Temporary Aid for Needy Families

States can help families with child care, job preparation, and work assistance through the Temporary Assistance for Needy Families (TANF) program. You must be a resident of the state where you apply because the program is managed by each state. While disability is not a requirement, you must be unemployed or underemployed and have a low or very low income.

To learn more about eligibility criteria or to apply, contact your local social services agency or human resources department.

Volunteer Income Tax Help

Through the Volunteer Income Tax Assistance (VITA) program, people with disabilities can receive free tax preparation from IRS-certified volunteers. You are not required to apply to use the service. Using the IRS’ online search tool, you can find a VITA program provider near you.

Internet or phone service

The federal Lifeline program may qualify you for a $9.25 discount on your phone or internet service.
4 To qualify, your income must be less than 135% of the federal poverty line, or you must participate in a qualifying program, such as:

  • Federal Public Housing Assistance (FPHA)5 SNAP Medicaid SSI

A Lifeline benefit can only be received by one member of your household.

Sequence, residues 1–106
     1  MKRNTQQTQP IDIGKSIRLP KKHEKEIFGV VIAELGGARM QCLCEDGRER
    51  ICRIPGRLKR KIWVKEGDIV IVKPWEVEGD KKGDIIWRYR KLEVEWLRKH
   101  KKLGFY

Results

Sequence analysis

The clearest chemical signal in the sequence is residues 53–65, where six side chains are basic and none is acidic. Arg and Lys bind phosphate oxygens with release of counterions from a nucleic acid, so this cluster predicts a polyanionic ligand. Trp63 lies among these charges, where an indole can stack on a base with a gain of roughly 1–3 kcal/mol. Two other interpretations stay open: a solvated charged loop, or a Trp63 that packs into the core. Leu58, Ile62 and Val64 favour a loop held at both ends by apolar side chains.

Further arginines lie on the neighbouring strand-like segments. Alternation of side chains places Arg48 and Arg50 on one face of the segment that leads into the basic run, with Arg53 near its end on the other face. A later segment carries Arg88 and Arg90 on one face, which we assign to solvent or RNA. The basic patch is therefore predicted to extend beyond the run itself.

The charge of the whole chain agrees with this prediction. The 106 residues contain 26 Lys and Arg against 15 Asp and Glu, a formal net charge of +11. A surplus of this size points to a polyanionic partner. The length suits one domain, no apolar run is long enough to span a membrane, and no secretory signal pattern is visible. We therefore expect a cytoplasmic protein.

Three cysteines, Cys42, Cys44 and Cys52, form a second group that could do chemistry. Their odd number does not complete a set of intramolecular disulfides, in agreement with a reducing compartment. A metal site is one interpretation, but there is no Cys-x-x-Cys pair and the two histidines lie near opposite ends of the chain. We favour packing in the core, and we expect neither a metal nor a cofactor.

Medical Care


Medicaid provides people with disabilities with free or low-cost medical care. To apply for Medicaid, you have two options: contact your state Medicaid agency or apply through the health insurance marketplace. You must be a resident of the state in which you are applying.

Program for Children’s Health Insurance

If your household income is too high to qualify for Medicaid, your child may still be eligible for the Children’s Health Insurance Program (CHIP). The program provides medical and dental care to children and adolescents up to the age of 18.

There are two methods for applying for CHIP. For eligibility requirements, contact your state Medicaid agency, or apply through the health insurance marketplace online or by calling 1-800-318-2596.